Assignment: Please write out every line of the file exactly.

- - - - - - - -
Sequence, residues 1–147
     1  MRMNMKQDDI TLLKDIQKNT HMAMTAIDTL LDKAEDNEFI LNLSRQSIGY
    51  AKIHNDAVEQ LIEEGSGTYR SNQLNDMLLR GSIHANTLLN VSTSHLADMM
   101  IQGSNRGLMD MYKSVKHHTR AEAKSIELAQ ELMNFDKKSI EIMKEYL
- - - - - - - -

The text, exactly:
Sequence, residues 1–147
     1  MRMNMKQDDI TLLKDIQKNT HMAMTAIDTL LDKAEDNEFI LNLSRQSIGY
    51  AKIHNDAVEQ LIEEGSGTYR SNQLNDMLLR GSIHANTLLN VSTSHLADMM
   101  IQGSNRGLMD MYKSVKHHTR AEAKSIELAQ ELMNFDKKSI EIMKEYL